Wellcome Trust’s life science publication Mosaic features LSTM’s Far Eastern Prisoners Of War (FEPOW) project

News article 8 Dec 2015

LSTM’s longest running collaborative project with the former Far Eastern Prisoners Of War (FEPOW), has been celebrated by an audio feature on the Wellcome Trust’s online platform, Mosaic, dedicated to exploring the science of life.

Utilising some of the FEPOW interviews recorded as part of a social history project by Honorary Research Fellow Meg Parkes, the Mosaic piece is incredibly moving. ‘Unspoken: The Forgotten Prisoners of War’, tells the harrowing story of the men’s captivity, survival and continuing problems in their own words. These interviews also became the basis of Captive Memories, the book she co-authored with Emeritus Professor Geoff Gill.

Even before the men returned from captivity at the end of the Second World War, LSTM’s then Dean, Professor Brian Maegraith, addressed a large group of their families in Blackpool in early September 1945, answering questions about the kind of tropical diseases and infections that they might return with. Over the years that followed many of the men, particularly those from the north of England, found their way to LSTM, beginning the unique scientific and medical collaboration which is now in its seventh decade.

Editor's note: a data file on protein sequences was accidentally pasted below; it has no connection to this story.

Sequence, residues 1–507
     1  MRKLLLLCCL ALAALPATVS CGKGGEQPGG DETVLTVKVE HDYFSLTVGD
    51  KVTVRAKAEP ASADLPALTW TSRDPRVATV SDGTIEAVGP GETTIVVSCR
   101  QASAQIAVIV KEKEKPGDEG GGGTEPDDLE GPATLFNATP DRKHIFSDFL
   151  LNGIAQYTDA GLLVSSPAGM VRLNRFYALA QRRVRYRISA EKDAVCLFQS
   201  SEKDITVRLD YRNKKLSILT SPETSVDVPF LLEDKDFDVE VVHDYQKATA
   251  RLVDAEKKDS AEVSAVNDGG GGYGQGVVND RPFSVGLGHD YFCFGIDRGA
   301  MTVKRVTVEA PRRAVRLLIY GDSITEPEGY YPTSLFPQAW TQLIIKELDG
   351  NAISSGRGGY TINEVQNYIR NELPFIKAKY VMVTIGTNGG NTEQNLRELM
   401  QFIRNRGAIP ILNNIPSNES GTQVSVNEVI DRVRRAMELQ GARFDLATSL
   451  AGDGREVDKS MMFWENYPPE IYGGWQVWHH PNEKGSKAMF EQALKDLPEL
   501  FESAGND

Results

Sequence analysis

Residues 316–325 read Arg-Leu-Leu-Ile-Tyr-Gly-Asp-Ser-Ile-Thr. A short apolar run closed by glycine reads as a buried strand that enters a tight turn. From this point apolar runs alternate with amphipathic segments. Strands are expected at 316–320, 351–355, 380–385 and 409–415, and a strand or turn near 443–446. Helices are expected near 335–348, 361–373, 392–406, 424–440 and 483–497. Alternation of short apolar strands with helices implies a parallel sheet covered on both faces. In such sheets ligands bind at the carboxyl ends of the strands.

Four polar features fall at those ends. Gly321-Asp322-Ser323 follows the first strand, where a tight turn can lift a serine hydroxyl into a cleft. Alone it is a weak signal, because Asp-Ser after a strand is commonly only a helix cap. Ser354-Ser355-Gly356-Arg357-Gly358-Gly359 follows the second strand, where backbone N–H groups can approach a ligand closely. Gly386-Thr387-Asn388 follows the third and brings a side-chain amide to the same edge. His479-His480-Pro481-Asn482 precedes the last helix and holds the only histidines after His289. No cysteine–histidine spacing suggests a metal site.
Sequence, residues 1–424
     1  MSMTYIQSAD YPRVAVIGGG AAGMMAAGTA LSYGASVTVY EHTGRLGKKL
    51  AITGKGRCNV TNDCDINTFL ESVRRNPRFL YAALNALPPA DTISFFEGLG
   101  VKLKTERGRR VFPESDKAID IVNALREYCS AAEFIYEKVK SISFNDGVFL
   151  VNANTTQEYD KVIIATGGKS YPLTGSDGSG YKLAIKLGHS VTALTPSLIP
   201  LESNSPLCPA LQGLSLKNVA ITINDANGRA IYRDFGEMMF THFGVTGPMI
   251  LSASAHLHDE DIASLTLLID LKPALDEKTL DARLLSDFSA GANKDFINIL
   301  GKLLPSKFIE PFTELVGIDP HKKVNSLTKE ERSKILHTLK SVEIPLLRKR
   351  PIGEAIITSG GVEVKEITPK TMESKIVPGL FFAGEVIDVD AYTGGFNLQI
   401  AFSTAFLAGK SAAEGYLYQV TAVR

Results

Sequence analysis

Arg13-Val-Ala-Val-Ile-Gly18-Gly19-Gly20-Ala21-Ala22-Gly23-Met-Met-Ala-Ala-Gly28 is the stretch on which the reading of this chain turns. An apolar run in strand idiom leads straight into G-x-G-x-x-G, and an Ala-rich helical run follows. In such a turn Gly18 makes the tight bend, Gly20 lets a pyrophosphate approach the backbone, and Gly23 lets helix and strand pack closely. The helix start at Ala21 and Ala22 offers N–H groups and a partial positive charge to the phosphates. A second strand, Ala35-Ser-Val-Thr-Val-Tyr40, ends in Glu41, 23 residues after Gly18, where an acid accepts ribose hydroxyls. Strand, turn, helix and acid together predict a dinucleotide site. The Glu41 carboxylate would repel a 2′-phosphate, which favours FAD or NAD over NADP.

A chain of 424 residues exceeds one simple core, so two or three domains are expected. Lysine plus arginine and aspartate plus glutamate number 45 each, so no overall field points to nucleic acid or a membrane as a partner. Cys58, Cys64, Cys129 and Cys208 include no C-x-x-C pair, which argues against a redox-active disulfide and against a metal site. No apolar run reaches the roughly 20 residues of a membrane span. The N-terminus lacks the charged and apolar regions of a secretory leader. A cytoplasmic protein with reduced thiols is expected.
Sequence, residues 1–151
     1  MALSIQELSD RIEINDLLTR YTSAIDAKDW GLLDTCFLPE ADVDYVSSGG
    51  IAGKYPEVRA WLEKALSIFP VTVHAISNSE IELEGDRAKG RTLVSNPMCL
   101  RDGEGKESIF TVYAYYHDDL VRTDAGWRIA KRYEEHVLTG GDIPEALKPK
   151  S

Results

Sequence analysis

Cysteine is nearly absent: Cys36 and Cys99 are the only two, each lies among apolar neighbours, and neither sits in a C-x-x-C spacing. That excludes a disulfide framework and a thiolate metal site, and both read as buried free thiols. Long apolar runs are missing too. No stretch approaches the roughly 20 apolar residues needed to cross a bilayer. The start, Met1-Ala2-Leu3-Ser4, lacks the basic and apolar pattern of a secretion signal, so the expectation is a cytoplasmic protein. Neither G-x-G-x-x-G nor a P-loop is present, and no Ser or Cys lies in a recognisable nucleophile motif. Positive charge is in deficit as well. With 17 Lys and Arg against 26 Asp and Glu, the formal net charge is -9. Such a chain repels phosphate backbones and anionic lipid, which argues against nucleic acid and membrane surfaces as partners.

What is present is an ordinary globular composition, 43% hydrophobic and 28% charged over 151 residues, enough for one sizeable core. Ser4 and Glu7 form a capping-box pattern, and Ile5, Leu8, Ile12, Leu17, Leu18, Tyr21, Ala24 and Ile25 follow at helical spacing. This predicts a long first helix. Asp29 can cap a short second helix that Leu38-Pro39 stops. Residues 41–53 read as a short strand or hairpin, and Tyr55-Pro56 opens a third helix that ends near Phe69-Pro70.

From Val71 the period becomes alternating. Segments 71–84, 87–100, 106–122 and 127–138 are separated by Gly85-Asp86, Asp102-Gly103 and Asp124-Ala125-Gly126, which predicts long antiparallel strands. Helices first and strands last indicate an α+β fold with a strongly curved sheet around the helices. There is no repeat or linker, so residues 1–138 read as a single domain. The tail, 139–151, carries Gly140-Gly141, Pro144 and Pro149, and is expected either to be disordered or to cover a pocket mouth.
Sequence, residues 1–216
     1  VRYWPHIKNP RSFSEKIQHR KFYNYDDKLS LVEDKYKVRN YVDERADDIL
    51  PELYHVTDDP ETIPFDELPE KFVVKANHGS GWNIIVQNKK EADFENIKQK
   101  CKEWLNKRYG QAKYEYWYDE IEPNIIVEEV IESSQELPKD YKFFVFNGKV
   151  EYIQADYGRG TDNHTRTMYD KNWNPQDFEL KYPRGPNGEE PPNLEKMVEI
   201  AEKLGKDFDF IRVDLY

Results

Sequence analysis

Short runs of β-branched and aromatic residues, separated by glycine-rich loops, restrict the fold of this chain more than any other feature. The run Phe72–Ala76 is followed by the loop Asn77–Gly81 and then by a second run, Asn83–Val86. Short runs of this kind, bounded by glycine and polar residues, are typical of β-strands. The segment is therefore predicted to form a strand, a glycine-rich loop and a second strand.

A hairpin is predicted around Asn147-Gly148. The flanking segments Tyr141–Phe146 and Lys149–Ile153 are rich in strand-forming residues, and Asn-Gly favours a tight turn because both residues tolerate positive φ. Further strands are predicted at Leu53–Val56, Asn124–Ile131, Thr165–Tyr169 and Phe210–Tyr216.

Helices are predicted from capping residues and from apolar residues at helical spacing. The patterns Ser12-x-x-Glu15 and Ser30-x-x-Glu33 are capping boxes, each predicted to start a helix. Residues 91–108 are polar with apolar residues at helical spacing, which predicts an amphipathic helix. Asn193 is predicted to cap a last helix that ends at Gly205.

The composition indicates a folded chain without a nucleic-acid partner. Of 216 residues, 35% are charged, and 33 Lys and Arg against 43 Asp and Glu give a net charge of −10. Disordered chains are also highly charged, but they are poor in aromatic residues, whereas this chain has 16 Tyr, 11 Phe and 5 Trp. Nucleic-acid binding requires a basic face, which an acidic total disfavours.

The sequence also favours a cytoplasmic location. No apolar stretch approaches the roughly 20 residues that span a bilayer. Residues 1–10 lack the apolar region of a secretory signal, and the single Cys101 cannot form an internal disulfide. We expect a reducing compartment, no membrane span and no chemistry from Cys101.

From 1967 LSTM became the primary centre to carry out Tropical Disease Investigation (TDIs) for FEPOW. This continued until the last TDI was carried out in 1999, at which point the relationship between the clinical staff and FEPOW at LSTM had led to improvements in the diagnosis and treatment of some tropical diseases. In 2007 Meg began her project, interviewing 66 former FEPOW, along with some of their wives and widows six decades after their release.

Both Meg Parkes and Geoff Gill are featured in the online piece, which is released with several supplementary articles, and Meg was delighted with the finished product. She said: “It was very moving to hear the men’s interviews, especially in the context of their journey from prisoner, to patient to survivor. Many of those I interviewed are no longer with us, but I think that their families will be as moved by the retelling of their experiences as I was. It is incredibly important that the story of these men is told and that their words are heard, it is the history not just of medical ingenuity, but also of survival.”

You can learn more about Captive Memories here and you can listen to the Mosaic feature here.

To correspond with the release of Mosaic’s article Meg Parkes and Geoff Gill will be giving an informal talk about the project hosted by the Reading Room at Wellcome Collection on Euston Road, London, on Thursday 10th December between 7 and 8pm. Entrance is free and the event is open to all. Details will be published on Wellcome Collection’s website on the day.